Yesterday's estimate by the Congressional Budget Office (CBO) that a much touted healthcare cost-control measure would save next to nothing was a major blow to Democrats' hopes of passing healthcare reform soon.

The report follows a previous estimate by the CBO that the House Democrats' plan in general would do little to control costs.

The question now is, will Democrats start to actively push back against CBO estimates?

The CBO has long been considered a neutral umpire in legislative budget battles. But one has to wonder how long the CBO can publicly question the Democrats' number one legislative priority before the White House and its allies start to respond.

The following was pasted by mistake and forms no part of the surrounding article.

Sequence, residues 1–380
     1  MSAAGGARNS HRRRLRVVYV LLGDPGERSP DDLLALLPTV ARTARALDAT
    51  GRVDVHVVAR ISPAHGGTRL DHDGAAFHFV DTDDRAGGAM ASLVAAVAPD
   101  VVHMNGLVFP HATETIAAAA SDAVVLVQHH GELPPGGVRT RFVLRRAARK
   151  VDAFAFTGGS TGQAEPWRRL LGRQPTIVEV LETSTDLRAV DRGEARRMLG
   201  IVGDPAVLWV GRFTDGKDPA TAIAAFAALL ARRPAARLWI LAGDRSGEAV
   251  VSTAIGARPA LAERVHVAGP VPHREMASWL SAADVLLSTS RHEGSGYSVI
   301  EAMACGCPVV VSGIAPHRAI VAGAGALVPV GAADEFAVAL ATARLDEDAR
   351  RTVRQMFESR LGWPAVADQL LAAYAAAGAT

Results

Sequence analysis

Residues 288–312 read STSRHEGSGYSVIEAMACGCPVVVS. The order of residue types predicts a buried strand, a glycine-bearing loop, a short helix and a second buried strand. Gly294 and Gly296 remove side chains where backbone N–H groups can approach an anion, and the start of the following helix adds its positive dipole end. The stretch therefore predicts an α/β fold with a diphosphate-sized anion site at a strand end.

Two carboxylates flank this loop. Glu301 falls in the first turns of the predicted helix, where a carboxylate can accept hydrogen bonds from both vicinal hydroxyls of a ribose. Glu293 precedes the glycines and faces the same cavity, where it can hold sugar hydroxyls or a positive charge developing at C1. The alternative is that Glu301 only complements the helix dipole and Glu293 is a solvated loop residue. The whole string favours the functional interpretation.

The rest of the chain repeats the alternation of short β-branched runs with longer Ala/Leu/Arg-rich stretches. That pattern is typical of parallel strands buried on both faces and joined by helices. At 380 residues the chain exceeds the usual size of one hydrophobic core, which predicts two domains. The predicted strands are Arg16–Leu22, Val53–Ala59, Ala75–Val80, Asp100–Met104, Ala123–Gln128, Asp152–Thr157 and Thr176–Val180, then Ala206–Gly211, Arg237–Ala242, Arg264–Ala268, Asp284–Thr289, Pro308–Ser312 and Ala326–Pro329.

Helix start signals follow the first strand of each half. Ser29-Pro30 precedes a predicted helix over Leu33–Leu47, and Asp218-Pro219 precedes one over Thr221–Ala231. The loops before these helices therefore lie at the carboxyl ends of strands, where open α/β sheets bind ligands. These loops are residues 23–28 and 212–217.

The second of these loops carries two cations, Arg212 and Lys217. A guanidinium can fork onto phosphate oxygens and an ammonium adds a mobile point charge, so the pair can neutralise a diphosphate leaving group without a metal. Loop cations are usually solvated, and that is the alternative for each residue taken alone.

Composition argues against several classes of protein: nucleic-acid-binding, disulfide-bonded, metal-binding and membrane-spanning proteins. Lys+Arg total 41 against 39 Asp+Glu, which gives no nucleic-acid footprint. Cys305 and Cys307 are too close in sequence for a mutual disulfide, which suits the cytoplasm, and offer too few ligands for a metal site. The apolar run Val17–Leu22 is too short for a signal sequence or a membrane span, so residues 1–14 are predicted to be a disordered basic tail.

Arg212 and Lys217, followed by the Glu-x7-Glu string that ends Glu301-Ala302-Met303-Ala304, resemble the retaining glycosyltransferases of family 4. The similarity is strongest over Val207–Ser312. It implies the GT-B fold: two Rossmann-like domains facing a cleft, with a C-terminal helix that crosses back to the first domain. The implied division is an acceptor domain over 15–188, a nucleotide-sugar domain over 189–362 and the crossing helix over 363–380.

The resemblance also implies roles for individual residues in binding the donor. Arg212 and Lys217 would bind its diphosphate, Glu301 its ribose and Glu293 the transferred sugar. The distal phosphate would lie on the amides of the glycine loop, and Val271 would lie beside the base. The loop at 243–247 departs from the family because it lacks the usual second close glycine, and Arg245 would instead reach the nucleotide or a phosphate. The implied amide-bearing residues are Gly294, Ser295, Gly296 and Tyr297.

Here, for example, is Paul Krugman on ABC's This Week:
"I think I should say something about that CBO thing, which really surprised a lot of people...

Most of the healthcare economists I talk to think that the MedPac reform...would actullay be quite important, especially if you go into the long run. So they were really kind of surprised.

And there's a kind of sense that CBO, faced with--no one can put a hard number on this, but CBO ksort of said if we can't put a hard number on it, we're going to say it's zero. And that seems to be wrong. There's every reason to think that being more careful about what Medicare is willing to pay for can save a lot of money. And this was kind of a destructive comment by Doug Elmendorf at CBO."

Will elected Democrats start to echo that sentiment?